Positives: Some of the action scenes click and to Director Milap Zaveri’s credit, he does manage to string in recently tumultuous incidents that shook the nation like doctors’ strikes, several kids dying in a hospital due to food poisoning, followed by lack of oxygen cylinders in, flyovers collapsing, or the patriotism of Muslims being questioned. Plus, John Abraham‘s swag in his Jay avatar is to die for. The twist at the interval is also something you don’t see coming.
Negatives: With the first Satyameva Jayate, Milap Zaveri had crafted a very enjoyable, throwback masala flick, that took us on a pleasant nostalgic ride of the 70s and 80s. He followed that with an extra oily omelette known as Marjaavaan, that took us on a different kind of nostalgic ride, of the overdone masala variety from yesteryears – the ones not made by names like Manmohan Desai, Nasir Hussain or Prakash Mehra. That movie managed to moderately click for some reason at the box office (I always believe the audience is king and their verdict is non-debatable, but even I couldn’t fathom this one), giving Sidharth Malhotra a much-needed hit in the bargain, and giving Milap further impetus to go from said extra oily omelette to totally burned omelette, which he has done with Satyameva Jayate 2.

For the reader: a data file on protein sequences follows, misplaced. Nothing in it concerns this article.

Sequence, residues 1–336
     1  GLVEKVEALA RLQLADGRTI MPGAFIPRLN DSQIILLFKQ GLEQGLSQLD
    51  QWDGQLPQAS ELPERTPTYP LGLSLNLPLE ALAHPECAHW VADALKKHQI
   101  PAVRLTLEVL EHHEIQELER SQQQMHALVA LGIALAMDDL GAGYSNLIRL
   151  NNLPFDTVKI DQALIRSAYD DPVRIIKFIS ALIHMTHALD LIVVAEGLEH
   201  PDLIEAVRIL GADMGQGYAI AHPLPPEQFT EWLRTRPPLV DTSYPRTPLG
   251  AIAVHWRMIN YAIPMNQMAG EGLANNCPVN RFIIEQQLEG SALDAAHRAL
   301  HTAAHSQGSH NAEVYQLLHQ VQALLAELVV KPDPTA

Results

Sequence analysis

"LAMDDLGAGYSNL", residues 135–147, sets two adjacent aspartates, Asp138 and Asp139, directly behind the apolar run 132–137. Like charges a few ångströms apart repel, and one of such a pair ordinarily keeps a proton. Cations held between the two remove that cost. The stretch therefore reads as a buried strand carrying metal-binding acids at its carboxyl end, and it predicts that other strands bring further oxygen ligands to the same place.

It’s eardrum-splitting loud; the dialogues are written in such preposterous poetic manner that Gunda’s lines suddenly seem straight out of Shakespeare; the emotions and screenplay are so melodramatic that you’ll be compelled to bellow your guts with laughter or risk questioning the morality of your life choices; religious cliches are amplified to the hilt in a feeble endeavour to please everyone; and nationalism is played to such hyper effect that you’d think of jovially think of exiting the theatre and rushing to hoist the next flag if the reality of the times we’re living in were not so disturbing, where people’s identity is being questioned left, right and centre.
Satyameva Jayate 2 gives masala movies a bad name and dilutes all the good efforts by filmmakers like Rohit Shetty or Sajid Khan or even Milap Zaveri’s very own Satyameva Jayate part 1, providing Bollywood bashers with more fodder to bash Hindi cinema’s most traditional and homegrown approach of filmmaking. To make matters worse, Divya Khosla Kumar‘s performance is so abjectly bad that you wonder if she recited her dialogues on battery mode.
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